“The last article that I read was The Urbanist article about various options. At that point, it seemed like Alternative 5 was the one that had the most variety and integration and scale to it. But, you know, now people have been talking about an Alternative 6. And I certainly think that we ought to include the Alternative 6 in the comp plan for study. So I’m not in a position to say yay or nay, I don’t know enough. But I think five and six are certainly where I would be leaning.”

Moore said she voted for Initiative I-135 and would take steps to support the public development authority as it scales up and tries to begin delivering social housing.

“It’s a really interesting idea, and I’m excited to see how it’s going to play out,” Moore said of the public developer. “And again, Councilmember Morales is leading the charge on that. I certainly would be very supportive of that. I mentioned the Oak Tree Plaza — that’s public — Seattle might be able to broker some sort of leasing arrangement with Seattle Public Schools for the public development authority to put housing in there. So yeah, I’m very supportive; we’ve got to try as many different things as possible.”

The Journey to Criminalizing Drugs

While her journey has led Moore in a more progressive direction on housing, she appears to have moved in a more conservative direction on drug policy. In May, Moore told The Urbanist that criminalizing public drug use and using jail to try to force people into treatment was not the answer, but by the time the Downtown Seattle Association (DSA) questionnaire came around, she was singing a different tune that ultimately earned her an “Aligned” rating from the DSA.

“First, pass an ordinance conforming city law to state law to allow police to arrest individuals for public drug use and drug possession,” she wrote in that questionnaire.

Meanwhile Moore told The Urbanist in May: “I’m not entirely sure that we actually have the authority as a municipality to criminalize the public use of illegal substances. It’s state law now… the state has preempted the city in those regards. But even if we had that authority, I don’t think criminalizing public use is the way to go. I think that we need to, again, we need to utilize the outreach community. There’s this idea that we need to have a hammer and that the hammer is to get people into treatment and to get them into jail and then divert them. So some of the diversion is working very well. And that is one way to get people into treatment. But we could also utilize the non-armed civilian responders, to get people to agree to go to the detox center. We have a detox center. We have a treatment center. Let’s work on establishing relationships and getting people to voluntarily go to those centers.”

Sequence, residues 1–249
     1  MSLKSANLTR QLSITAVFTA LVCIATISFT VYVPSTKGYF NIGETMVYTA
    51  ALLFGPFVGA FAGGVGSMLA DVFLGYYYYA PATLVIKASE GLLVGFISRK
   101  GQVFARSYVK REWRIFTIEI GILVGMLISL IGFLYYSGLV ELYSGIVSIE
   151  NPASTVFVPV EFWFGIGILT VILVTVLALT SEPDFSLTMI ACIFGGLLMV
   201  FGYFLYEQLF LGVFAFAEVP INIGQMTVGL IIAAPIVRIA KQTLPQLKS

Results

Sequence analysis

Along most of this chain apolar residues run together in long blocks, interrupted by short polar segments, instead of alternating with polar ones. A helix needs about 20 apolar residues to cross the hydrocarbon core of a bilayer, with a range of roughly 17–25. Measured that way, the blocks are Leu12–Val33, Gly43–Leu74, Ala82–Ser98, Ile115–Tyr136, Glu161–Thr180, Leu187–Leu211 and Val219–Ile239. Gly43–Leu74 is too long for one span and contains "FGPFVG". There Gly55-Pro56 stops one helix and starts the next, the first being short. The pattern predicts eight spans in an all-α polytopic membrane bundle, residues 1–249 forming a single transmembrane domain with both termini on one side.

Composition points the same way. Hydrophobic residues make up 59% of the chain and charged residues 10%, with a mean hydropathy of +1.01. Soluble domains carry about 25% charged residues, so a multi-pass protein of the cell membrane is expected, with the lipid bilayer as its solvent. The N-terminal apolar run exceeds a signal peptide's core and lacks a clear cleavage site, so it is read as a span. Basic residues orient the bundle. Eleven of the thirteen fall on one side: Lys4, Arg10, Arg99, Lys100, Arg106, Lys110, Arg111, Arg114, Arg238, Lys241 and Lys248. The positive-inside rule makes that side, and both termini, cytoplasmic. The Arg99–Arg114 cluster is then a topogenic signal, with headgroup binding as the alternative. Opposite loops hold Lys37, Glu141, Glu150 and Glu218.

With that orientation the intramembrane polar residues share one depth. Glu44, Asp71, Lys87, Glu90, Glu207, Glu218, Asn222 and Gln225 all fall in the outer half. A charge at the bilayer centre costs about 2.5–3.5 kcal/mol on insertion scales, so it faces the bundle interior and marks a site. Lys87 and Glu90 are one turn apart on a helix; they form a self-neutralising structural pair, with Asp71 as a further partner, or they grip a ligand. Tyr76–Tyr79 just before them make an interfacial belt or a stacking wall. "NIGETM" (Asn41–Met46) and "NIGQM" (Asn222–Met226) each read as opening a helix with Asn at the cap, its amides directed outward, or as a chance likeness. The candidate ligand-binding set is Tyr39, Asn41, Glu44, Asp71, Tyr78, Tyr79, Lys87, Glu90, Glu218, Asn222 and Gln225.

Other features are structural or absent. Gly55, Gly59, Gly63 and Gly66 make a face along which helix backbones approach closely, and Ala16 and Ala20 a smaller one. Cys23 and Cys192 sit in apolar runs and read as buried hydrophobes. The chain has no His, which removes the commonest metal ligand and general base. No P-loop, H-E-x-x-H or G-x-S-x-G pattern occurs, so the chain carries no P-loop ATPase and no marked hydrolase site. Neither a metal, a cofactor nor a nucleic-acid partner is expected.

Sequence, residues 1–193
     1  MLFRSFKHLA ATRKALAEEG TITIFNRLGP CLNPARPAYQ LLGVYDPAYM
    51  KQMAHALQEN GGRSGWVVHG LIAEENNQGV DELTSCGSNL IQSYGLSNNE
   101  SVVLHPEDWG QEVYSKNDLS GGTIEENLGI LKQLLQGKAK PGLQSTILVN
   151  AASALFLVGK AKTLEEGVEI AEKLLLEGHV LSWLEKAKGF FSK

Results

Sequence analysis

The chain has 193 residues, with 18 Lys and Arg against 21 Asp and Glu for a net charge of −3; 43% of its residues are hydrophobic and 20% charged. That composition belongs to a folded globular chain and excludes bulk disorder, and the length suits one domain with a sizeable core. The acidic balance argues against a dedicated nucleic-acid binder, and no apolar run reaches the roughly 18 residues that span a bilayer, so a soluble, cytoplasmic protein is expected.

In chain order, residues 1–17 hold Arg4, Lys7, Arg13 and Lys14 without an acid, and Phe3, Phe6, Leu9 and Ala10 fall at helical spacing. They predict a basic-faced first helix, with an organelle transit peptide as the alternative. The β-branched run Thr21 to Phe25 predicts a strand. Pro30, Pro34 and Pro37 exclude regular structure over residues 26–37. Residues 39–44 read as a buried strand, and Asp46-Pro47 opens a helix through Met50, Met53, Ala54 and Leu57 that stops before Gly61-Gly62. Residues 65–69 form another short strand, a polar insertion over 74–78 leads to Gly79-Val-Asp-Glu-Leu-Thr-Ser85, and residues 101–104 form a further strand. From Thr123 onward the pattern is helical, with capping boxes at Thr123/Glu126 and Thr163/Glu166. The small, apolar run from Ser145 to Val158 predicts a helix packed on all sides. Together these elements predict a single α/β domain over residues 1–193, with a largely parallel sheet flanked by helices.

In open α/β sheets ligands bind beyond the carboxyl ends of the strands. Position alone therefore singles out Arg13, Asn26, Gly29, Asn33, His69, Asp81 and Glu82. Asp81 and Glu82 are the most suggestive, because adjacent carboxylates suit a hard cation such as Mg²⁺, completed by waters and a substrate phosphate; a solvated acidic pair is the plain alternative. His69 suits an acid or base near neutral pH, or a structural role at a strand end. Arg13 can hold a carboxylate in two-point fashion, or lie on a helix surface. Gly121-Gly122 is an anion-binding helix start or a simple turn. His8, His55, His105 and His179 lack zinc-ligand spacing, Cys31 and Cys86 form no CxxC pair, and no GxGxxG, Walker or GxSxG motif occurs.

In her interview with The Urbanist, Moore acknowledged that housing and services were needed to get a handle on homelessness, drugs, and crime, and that pilot programs to get civilian emergency response up and running must get launched as soon as possible.

“The most critical piece is we’ve got to have services and we have to have housing. We have all these social workers and people that are making those relationships and connections. But if we don’t have the services to help people get into, we don’t have shelter or housing to put people into, we’re not going to make any progress. So those all go hand in hand. I know that Councilmember Herbold and Lewis have really been pushing and they put aside $1.9 million for a pilot project to do the wellness checks and man down. And I don’t really understand why that hasn’t been done — we can do it. Now. Today. We’ve got the people, we just need to do it.”

Conceivably those new services and housing options will take additional revenue, especially as the city appears to have a significant budget shortfall even before expanding programs, but it’s a tightrope Moore is walking on progressive revenue and tax reform.